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Obama Speaks Out on Health Care

Last Updated 2:57 p.m. ET

Eager to grab the megaphone from his opponents, President Barack Obama carried a reinvigorated pitch to overhaul and expand the nation's health insurance system in a trip Saturday to friendly territory.

Thousands turned out for what the White House is billing as a health insurance reform rally, reports CBS News White House correspondent Mark Knoller.

It's another chance, said Knoller, for President Obama to make the case for his health care plan - his 5th time this week.

His address to more than 10,000 people at the Target Center was part of a weekend campaign by the White House to give the president as much exposure as possible after his prime-time address Wednesday to Congress.

Mr. Obama stressed that a government-run plan would be one of many options for people seeking affordable care. He said it will promote more competition and "no would be forced to choose it."

He also pledged that with a public option "no government bureaucrat or insurance company bureaucrat gets between you and the coverage that you need."

Mr. Obama said Washington's failure to pass health care reform "year after year, decade after decade, has placed a burden on families, on businesses, and on taxpayers. We can't stand it any longer."

It had all the feel of a campaign event, with People lined the streets as Mr. Obama's motorcade approached the site. Some in the crowd carried supportive signs, including one that referred to the late Sen. Edward M. Kennedy: "Carry The Torch of Kennedy."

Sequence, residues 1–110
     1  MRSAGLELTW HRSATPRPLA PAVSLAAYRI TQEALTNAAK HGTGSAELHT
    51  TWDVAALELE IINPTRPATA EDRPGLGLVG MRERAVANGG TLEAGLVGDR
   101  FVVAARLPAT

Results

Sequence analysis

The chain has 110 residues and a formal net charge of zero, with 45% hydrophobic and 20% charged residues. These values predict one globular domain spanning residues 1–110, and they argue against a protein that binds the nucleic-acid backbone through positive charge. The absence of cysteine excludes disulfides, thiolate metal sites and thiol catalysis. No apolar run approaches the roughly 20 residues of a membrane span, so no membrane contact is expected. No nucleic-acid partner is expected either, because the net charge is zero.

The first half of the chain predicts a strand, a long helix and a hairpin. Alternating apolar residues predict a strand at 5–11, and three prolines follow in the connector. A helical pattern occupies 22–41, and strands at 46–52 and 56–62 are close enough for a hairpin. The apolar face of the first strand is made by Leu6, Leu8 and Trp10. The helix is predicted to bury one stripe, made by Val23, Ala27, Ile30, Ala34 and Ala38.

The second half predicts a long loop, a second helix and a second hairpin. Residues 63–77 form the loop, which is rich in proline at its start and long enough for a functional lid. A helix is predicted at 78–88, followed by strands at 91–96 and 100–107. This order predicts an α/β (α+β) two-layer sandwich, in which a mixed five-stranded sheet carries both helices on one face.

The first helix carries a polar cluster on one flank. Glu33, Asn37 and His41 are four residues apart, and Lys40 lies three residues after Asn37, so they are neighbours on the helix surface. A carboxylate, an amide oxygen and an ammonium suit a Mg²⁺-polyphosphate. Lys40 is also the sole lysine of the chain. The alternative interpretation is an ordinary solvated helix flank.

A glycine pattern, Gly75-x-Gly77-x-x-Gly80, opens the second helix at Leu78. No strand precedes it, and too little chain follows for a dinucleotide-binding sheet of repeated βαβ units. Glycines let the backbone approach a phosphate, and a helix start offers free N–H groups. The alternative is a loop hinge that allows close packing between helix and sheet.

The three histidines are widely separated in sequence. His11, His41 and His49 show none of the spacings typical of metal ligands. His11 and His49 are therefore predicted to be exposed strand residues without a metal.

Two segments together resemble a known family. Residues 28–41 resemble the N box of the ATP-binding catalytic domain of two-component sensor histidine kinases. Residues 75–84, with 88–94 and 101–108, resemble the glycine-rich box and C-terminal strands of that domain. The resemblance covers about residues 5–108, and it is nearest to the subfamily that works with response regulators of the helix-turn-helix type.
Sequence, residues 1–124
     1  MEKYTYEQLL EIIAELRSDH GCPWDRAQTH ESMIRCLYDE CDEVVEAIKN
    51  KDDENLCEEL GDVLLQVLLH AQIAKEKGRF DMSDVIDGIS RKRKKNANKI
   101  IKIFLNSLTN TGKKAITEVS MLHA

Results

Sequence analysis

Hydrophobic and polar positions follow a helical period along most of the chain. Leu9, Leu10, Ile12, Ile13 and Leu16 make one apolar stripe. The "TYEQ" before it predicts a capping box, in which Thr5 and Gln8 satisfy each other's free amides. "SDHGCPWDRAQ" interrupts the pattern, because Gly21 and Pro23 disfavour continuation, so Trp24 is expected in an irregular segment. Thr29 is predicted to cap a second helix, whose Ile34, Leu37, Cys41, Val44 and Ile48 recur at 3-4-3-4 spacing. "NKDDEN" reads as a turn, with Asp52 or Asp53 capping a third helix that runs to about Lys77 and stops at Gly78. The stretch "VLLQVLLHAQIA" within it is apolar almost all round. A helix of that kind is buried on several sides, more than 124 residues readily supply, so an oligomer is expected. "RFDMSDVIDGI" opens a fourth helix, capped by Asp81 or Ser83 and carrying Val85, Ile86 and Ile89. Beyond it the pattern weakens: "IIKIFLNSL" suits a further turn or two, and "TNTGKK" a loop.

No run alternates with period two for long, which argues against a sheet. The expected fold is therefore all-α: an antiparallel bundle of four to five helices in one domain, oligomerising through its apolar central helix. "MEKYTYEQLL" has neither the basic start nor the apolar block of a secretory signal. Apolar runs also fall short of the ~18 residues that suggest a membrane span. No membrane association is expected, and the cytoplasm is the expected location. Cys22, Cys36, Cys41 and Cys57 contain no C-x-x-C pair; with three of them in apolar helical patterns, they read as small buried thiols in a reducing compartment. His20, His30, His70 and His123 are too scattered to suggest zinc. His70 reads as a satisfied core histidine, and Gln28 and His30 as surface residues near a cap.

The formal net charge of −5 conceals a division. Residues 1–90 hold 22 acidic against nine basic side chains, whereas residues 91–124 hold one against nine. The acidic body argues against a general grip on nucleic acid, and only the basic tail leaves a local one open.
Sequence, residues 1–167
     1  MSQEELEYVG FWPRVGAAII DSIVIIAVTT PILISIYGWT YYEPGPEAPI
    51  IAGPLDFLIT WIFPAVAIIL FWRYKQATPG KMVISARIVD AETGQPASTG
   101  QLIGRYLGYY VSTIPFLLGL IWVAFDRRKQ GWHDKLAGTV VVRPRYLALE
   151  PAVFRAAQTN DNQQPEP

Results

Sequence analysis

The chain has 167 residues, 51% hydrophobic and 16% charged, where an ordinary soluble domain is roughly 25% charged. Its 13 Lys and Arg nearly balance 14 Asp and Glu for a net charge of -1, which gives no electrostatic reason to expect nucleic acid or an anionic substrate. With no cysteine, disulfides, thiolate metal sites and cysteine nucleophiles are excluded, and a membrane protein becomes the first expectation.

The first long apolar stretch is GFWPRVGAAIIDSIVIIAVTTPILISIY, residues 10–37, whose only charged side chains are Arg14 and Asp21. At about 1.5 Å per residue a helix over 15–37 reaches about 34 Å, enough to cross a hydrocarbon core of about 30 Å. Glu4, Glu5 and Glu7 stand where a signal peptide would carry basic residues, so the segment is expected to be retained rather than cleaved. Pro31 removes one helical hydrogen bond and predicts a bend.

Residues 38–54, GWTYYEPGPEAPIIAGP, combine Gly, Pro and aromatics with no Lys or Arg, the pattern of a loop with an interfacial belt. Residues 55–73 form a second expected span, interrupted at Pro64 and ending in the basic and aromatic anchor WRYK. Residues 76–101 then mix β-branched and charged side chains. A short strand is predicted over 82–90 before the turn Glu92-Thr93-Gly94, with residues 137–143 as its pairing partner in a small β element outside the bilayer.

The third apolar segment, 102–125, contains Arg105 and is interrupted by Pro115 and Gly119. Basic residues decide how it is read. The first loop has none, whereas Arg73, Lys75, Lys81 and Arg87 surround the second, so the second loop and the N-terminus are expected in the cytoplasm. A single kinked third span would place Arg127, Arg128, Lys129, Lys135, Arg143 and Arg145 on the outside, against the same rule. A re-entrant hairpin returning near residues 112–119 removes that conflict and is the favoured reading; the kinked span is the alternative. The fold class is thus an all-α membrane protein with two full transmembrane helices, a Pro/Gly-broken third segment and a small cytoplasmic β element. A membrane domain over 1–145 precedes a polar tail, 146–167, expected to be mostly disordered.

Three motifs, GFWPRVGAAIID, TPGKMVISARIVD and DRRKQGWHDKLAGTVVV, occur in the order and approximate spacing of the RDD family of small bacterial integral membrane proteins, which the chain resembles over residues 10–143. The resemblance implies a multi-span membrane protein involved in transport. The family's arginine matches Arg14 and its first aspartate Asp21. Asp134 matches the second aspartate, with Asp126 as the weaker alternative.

"Are you fired up?" he yelled. They shouted back "Yes!"

Geraldine Keenan-Friday of Woodbury told CBS Station WCCO that the issue is too important to remain passive. The 44-year-old nurse said there is no way to craft a health overhaul plan that everyone will agree on, so the goal should be to forge something agreeable to most.

WCCO reported that a smattering of protesters outside the Target Center who oppose Obama's initiative - one woman carried a sign reading "Liar, Liar" - was roundly booed by those waiting to enter. Special Report: Health Care

At the rally, on network television and on his weekend radio address, President Obama sought once again to take the reins of debate, a task that has proven elusive over the past three months.

In an interview for CBS' "60 Minutes" to air Sunday night, Mr. Obama said he'll be held responsible for any problems once a health care overhaul becomes law, so he has every reason to get it right.

"I have no interest in having a bill get passed that fails. That doesn't work," he told CBS' "60 Minutes" in .

In his weekly radio and Internet address, the president focused on government figures showing that nearly half of all Americans live without health insurance over any given 10-year period. He said the situation will worsen without the changes he wants and that losing coverage can happen to anyone.